Reducing Relay Power Consumption

Posted on Feb 6, 2014

Relays are often used as electrically controlled switches. Unlike transistors, their switch contacts are electrically isolated from the control input. On the other hand, the power dissipation in a relay coil may be unattractive for battery-operated applications. Adding an analogue switch lowers the dissipation, allowing the relay to operate at a l

Reducing Relay Power Consumption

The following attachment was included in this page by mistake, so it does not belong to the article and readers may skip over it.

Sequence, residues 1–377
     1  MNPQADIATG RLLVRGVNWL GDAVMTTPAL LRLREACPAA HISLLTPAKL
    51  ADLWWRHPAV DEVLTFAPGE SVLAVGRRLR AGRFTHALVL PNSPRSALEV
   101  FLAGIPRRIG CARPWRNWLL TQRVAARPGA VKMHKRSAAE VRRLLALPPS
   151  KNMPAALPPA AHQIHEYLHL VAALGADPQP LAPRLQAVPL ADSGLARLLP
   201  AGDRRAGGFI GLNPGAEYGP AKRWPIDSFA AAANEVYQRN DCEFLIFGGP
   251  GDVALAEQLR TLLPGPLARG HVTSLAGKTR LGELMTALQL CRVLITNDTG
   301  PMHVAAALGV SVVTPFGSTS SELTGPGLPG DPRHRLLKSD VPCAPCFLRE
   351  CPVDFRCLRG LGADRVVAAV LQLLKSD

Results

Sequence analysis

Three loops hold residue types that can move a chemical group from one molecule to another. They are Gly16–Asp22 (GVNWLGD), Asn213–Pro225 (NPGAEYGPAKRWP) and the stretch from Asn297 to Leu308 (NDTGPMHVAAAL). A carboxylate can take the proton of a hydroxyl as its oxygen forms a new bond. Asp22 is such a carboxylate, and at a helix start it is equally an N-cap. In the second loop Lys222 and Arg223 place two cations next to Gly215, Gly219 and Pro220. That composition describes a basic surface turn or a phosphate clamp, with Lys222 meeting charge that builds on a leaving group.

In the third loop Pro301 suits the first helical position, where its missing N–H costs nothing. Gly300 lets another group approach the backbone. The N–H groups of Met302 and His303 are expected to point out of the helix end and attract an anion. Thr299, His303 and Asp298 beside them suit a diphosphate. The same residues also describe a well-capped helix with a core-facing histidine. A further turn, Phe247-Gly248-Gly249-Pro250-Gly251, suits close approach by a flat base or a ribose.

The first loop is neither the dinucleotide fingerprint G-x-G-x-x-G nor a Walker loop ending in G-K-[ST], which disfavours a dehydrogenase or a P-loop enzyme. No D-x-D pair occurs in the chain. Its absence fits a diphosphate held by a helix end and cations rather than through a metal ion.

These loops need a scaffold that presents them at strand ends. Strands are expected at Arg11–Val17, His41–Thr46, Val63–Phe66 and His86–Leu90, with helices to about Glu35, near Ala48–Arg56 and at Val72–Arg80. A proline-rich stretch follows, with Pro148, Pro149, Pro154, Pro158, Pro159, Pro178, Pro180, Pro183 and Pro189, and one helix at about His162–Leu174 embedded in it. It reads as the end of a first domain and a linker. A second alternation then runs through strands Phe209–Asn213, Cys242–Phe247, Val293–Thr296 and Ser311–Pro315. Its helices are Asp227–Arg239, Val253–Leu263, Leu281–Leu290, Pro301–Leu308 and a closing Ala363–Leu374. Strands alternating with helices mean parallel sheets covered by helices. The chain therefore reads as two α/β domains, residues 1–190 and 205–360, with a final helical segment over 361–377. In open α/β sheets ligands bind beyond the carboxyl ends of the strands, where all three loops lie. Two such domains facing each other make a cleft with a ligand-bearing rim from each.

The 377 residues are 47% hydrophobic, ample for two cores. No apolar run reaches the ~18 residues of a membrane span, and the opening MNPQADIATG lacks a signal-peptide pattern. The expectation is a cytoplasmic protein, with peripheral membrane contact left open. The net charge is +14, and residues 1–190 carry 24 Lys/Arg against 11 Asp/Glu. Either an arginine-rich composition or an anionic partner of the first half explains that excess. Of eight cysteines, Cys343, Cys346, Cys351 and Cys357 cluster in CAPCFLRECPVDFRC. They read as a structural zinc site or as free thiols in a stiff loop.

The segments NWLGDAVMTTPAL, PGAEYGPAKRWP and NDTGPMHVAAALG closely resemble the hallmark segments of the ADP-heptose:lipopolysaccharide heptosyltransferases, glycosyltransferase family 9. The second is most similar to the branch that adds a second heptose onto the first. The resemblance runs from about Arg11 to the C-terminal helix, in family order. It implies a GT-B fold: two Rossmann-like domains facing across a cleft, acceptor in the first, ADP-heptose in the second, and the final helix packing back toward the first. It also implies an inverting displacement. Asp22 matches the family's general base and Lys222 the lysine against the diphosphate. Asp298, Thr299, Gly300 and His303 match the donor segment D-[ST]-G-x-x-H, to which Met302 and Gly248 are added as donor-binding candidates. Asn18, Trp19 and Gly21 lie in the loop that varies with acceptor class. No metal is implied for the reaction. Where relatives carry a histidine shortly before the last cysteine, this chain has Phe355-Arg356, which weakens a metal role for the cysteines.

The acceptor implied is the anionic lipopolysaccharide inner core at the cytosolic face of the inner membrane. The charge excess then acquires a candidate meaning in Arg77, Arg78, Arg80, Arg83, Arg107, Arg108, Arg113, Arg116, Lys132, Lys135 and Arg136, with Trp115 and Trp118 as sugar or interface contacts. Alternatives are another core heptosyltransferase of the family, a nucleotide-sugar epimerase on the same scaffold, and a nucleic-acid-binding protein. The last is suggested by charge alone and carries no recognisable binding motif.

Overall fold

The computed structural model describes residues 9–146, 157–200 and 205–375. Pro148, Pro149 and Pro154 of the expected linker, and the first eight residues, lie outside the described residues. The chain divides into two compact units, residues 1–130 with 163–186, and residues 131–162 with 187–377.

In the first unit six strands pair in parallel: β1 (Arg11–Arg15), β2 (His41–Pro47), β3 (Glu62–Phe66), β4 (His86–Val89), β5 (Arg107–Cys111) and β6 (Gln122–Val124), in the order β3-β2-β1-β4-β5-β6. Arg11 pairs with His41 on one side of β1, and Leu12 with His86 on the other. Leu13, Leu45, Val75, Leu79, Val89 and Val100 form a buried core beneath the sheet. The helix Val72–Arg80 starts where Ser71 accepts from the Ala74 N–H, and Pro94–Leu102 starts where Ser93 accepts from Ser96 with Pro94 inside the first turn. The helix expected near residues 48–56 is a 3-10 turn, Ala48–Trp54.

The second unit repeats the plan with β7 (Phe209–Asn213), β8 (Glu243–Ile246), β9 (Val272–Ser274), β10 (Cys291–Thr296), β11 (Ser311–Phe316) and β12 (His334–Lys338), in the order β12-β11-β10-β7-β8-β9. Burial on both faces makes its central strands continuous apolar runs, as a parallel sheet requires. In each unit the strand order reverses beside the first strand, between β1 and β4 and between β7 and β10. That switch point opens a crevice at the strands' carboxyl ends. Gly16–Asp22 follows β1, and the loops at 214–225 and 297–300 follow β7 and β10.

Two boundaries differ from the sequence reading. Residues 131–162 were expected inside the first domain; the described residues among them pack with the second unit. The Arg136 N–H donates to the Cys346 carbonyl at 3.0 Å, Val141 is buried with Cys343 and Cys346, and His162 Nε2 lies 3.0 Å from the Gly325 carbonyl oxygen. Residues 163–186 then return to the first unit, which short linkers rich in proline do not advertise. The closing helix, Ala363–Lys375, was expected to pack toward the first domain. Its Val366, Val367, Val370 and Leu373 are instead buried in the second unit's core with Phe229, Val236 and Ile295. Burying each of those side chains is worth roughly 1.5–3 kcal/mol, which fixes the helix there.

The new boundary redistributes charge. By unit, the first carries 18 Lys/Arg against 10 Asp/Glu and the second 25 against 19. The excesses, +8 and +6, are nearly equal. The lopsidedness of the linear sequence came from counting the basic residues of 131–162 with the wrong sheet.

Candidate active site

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ower voltage. The circuit diagram shows the principle. Power consumed by the relay coil equals V2/RCOIL. The circuit lowers this dissipation (after actuation) by applying less than the normal operating voltage of 5 V. Note that the voltage required to turn a relay on (pickup voltage)is usually greater than that to keep it on (dropout voltage). In this respect the relay shown has specications of 3. 5 and 1. 5 V respectively, yet the circuit allows it to operate from an intermediate supply voltage of 2. 5 V. Table 1 compares the relay`s power dissipation withxed operating voltages across it, and with the circuit shown here in place. The power savings are signicant. When SW1 is closed, current‚ows through the relay coil, and C1 and C2 begin to charge. The relay remains inactive because the supply voltage is less than its pickup voltage. The RC time constants are such that C1 charges almost completely before the voltage across C2 reaches the logic threshold of the analogue switch inside the MAX4624 IC. When C2 reaches that threshold, the on-chip switch connects C1 in series with the 2. 5 V supply and the relay coil. This action causes the relay to be turned on because its coil voltage is then raised to 5 V, i. e. , twice the supply voltage. As C1 discharges through the coil, the coil voltage drops back to 2. 5 V minus the drop across D1. However, the relay remains on because the resultant voltage is still above the dropout...

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